Where is Israel?

Harper Collins' "special" map.

Harper Collins’ “special” map.

Harper Collins is getting some deserved flak for omitting Israel from its world atlas specifically designed for Middle Eastern markets. (source) The map simply omits Israel, as if it does not exist.

Collins Bartholomew, the subsidiary of HarperCollins that specialises in maps, had told The Tablet that including Israel in the Middle East Atlas would have been “unacceptable” to its customers in the Gulf and that the amendment incorporated “local preferences”. (source)

After international pressure, Harper Collins withdrew the book and is “pulping” the entire edition.

As it should.

I don’t care how anyone feels about Israel. You’re allowed to love, hate, or meh Israel as you choose. But, using textbooks to try and pre-program kids into your pre-existing political position – by actually changing the facts? Wrong. Doing so to bow to political pressure? Dead wrong.

I understand that capitalism requires you to bend your product to the local market conditions – and if the Abu Dhabi board of education (or whatever the hell they call it) wants Israel omitted from your maps, you might have to make a choice between supplying them with books or sticking to your ideals. Lord knows I’ve bent what I thought was right to make a buck from time to time (ask me about the “Buddy The Dog” case one day).

Nevertheless, shame on Harper Collins for not telling these “local preferences” to shove it. More than that, shame on the local “educators” for having such policies in the first place. And, before we get too high and mighty, lets remember that for most of recent history, Texas did the same damn thing. (source)

One commentator made a good statement about the map.

The Map of Israel that my son's school uses.

The Map of Israel that my son’s school uses.

Bishop Declan Lang, chairman of the Bishops’ Conference Department of International Affairs, told The Tablet: “The publication of this atlas will confirm Israel’s belief that there exists a hostility towards their country from parts of the Arab world. It will not help to build up a spirit of trust leading to peaceful co-existence.” (source)

That may be true. But if you look to the right, that’s the map of Israel that my son’s school uses. So… while Harper Collins needs a smack upside the head, perhaps there is a lesson that ought to be taught a little more universally. I really do not see any difference between what Harper Collins did, and what the suppliers to my kid’s school did. They both traded reality and facts for a political view, that someone wants to indoctrinate children to believe.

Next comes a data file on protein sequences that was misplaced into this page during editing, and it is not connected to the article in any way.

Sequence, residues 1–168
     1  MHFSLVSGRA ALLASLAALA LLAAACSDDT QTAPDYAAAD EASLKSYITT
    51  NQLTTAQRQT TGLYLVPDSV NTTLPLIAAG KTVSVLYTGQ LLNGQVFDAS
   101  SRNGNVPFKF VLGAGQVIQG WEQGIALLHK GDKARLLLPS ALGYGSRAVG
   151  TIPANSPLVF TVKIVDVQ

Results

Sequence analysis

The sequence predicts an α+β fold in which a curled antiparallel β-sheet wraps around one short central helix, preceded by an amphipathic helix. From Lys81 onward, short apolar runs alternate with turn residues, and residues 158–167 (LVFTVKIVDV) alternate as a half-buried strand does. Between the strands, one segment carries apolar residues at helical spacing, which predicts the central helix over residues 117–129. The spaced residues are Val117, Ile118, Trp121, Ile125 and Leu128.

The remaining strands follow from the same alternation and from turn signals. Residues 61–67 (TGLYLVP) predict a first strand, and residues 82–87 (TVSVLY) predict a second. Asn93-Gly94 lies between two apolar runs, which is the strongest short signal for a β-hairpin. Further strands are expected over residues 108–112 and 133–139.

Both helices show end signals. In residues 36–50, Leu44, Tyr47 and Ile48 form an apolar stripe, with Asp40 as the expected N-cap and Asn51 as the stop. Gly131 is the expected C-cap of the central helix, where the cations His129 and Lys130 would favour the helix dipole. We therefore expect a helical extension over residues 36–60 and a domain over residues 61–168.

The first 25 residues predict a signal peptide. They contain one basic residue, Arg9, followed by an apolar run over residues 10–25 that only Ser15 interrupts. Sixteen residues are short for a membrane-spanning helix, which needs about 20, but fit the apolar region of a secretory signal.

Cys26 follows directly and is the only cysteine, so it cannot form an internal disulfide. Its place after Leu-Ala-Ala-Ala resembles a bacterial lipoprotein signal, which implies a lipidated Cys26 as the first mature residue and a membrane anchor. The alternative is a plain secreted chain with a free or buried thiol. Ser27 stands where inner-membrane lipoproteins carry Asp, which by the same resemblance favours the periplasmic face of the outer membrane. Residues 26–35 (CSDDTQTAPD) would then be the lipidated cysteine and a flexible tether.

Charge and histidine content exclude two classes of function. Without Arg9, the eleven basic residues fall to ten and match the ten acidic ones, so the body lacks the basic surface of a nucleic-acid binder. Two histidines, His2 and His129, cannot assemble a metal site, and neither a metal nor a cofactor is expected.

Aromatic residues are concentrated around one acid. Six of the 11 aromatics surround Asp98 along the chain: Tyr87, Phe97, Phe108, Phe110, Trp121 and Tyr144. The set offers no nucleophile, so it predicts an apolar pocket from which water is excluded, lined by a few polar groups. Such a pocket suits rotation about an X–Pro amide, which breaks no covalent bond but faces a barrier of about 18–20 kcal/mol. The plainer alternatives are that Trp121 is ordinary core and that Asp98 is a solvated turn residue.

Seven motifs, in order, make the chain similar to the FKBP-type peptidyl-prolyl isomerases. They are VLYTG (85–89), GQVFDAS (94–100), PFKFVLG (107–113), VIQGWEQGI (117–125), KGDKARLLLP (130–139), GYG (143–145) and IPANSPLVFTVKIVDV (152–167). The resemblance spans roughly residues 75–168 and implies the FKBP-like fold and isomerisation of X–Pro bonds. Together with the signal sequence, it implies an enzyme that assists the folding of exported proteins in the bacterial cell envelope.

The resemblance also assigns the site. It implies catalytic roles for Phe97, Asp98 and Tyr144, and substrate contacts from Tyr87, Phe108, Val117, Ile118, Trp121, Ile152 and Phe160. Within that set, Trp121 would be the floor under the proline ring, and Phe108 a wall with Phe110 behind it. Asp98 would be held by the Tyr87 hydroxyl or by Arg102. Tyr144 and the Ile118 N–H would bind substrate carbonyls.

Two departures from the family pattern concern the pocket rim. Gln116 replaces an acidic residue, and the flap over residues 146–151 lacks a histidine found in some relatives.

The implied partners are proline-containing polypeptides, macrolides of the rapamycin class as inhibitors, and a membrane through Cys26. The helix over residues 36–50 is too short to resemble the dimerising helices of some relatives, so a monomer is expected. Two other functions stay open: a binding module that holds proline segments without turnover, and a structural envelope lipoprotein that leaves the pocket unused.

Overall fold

That is not cool. No matter who does it.

4 Responses to Where is Israel?

  1. Funny. As I read, my mental checklist went first to the government pinheads miseducating the youths of Texas and then to the extremist settlers who yammer about “greater Judea and Samaria.” Led me to this question: Which is worse: deliberately dissemintating misinformation as part of governance or the attempt to govern or doing so for profit? Not sure I know the answer….

    • I guess I can forgive it a teeny tiny bit if its just about doing so for profit. But still, doesn’t a publisher of educational textbooks have an ethical obligation to decline to “educate” people with misinformation?

  2. This reminds me of LA city councilman Tom LaBonge’s (successful-ish) attempt to get Google maps and Garmin to hide the location of the Hollywood Sign from people because of pressure from wealthy residents of the neighborhood. I know it’s trivial compared with this elision of Israel, but it’s such a bad precedent to use (admittedly informal) government power to convince companies to mislead their customers like this.

  3. Tom Stone says:

    If Harper Collins waits a hundred years ( Or less) those maps might reflect reality. Demographics and water do not bode well for Israel’s future.

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